Amid ‘clouds,’ another school year launches

August is the month when back-to-school shopping is in its proverbial high gear, even though sales of school supplies and the latest school fashions get underway right after the Fourth of July.

But this month has been unusual on two fronts, and they’re the bases for concern and the fodder for significant discussion. And it’s safe to say that that discussion is destined to be prolonged.

First, on Thursday, the federal Department of Education revealed that Education Secretary Betsy DeVos has proposed using federal funds to arm teachers.

Such funding is not currently permitted.

The issue of arming teachers received its most prolonged discussion beginning in February, after the mass shooting at Marjory Stoneman Douglas High School in Parkland, Fla. Now DeVos has provided the impetus for much more discussion, which no doubt will take place.

It’s premature to try to predict the outcome and, if that use of federal money is authorized, what options school districts will have as a basis for applying for grants.

The second back-to-school-related discussion front gearing up — and that seems destined to be the source of increased focus going forward — is “active-shooter insurance.”

The Wall Street Journal reported on Aug. 3 that “demand is growing for ‘active-assailant’ coverage as districts confront a new reality.”

Who could have imagined 19 years ago, in the wake of the massacre at Columbine High School in Littleton, Colo., that nearly two decades later, this country still would be wrestling with the tragic school-shootings problem? And who could have imagined that the time would come when some school boards would feel compelled to have on their agendas the item of whether to vote yes on this new insurance option?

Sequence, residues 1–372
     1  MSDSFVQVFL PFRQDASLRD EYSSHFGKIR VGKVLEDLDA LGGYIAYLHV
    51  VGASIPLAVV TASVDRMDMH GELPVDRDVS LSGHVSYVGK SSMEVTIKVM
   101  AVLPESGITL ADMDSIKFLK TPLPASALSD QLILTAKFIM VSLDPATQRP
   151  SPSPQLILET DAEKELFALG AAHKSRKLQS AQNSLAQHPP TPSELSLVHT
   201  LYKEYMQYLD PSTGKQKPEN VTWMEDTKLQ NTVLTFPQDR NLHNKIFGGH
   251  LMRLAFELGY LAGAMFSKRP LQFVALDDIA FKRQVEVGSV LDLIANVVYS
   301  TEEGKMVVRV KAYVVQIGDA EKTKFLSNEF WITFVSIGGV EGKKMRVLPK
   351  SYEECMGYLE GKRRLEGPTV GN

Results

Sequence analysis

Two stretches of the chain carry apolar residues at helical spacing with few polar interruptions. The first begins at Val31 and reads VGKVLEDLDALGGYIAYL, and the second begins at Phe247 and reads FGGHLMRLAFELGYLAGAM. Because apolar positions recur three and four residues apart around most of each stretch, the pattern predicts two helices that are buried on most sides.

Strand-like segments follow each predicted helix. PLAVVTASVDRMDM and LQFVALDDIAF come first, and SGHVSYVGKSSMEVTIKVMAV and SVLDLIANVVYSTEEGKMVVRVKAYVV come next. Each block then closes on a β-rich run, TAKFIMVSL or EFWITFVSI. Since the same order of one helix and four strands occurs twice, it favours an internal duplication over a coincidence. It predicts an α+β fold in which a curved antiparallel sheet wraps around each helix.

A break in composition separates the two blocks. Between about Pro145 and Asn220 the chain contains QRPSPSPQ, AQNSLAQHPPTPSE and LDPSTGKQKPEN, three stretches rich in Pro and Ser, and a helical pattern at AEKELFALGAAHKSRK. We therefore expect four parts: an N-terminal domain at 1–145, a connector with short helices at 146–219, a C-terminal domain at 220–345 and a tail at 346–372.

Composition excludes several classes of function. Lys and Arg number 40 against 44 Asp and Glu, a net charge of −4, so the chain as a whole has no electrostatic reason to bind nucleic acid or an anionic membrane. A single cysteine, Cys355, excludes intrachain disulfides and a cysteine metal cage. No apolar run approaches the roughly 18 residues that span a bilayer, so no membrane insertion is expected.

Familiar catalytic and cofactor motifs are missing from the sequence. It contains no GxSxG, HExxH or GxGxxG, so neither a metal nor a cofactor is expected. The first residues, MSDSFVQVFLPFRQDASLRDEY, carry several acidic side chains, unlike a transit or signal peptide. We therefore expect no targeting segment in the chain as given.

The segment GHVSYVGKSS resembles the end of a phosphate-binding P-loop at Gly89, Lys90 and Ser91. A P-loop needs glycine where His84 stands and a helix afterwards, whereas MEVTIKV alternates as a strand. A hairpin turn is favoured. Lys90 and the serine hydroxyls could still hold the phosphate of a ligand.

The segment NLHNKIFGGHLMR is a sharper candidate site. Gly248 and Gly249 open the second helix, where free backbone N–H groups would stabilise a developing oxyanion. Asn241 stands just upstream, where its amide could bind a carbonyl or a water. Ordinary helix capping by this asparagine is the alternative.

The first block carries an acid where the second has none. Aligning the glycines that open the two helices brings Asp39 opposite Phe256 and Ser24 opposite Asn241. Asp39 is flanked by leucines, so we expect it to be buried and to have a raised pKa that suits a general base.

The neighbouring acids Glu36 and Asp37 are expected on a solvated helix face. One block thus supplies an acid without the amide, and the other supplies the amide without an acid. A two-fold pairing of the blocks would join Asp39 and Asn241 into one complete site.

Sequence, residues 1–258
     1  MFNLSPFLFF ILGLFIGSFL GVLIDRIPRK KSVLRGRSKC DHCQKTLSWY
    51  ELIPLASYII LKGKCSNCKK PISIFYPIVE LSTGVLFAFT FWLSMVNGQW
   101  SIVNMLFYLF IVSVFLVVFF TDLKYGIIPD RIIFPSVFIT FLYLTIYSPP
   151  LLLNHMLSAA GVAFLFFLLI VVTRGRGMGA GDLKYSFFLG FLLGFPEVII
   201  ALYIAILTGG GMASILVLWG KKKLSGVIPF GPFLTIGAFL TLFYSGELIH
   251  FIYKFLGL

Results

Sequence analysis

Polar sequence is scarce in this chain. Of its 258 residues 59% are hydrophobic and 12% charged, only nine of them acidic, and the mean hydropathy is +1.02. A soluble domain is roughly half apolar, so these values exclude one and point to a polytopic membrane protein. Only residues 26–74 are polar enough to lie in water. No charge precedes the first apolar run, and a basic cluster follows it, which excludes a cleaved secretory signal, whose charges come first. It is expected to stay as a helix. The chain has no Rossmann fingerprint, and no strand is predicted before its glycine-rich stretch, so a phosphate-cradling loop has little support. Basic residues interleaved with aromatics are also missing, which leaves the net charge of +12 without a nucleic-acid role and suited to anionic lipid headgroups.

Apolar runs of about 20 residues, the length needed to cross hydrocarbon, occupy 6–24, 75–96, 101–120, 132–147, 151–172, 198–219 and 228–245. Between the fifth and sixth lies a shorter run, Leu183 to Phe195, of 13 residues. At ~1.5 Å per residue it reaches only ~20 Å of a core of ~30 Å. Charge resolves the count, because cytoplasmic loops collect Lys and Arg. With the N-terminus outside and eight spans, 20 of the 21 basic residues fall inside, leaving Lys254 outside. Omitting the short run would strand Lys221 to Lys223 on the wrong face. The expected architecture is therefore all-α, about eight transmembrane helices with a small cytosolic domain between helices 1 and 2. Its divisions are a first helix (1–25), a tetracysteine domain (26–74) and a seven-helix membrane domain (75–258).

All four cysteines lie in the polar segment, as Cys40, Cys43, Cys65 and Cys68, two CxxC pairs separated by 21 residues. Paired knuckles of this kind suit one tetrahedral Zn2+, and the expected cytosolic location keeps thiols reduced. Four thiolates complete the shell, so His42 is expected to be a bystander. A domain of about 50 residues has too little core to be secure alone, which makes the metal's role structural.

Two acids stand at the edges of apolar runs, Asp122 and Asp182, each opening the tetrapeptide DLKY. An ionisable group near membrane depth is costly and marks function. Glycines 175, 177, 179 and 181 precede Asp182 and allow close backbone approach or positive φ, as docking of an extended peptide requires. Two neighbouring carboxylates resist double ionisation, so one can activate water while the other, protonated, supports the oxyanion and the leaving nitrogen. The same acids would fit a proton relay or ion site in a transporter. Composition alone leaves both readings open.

It’s open to question whether any area school board has discussed the topic at a committee meeting or whether any school board members or administrators have talked about it during informal contacts. However, it seems like an issue that’s destined for consideration by more and more school systems with each passing year.

According to the Journal, a leader in shooter insurance — a company that has written more than 300 active-shooter/workplace-violence policies for school districts, charter schools, private schools and universities across the country since 2016, when it started offering the insurance — is based in Ohio.

The Aug. 3 Journal article noted that, after a mass shooting at a school, it isn’t unusual for victims and grieving family members to file lawsuits against a school district alleging negligence or for missing warning signs of a would-be shooter.

For example, after the Parkland, Fla., tragedy, 15 survivors filed a lawsuit against several parties, including the school district’s superintendent.

Shooter insurance is classified as gap coverage — for expenses not usually covered under general liability policies. The Journal reported that the range for annual premiums is about $1,800 for $1 million in coverage for small school systems to about $175,000 for $20 million in coverage for larger ones.

More than 150 children and adults have been killed in school shootings since 1990, according to the Journal.

Not that long ago, the start of a new school year was met with excitement about regular contacts with friends once again, football and myriad other positive interactions — and, for seniors, planning for life after high school.

How troubling it is that topics such as arming teachers and buying active-shooter insurance now must be a “clouding” factor in that positive new-school-year environment.


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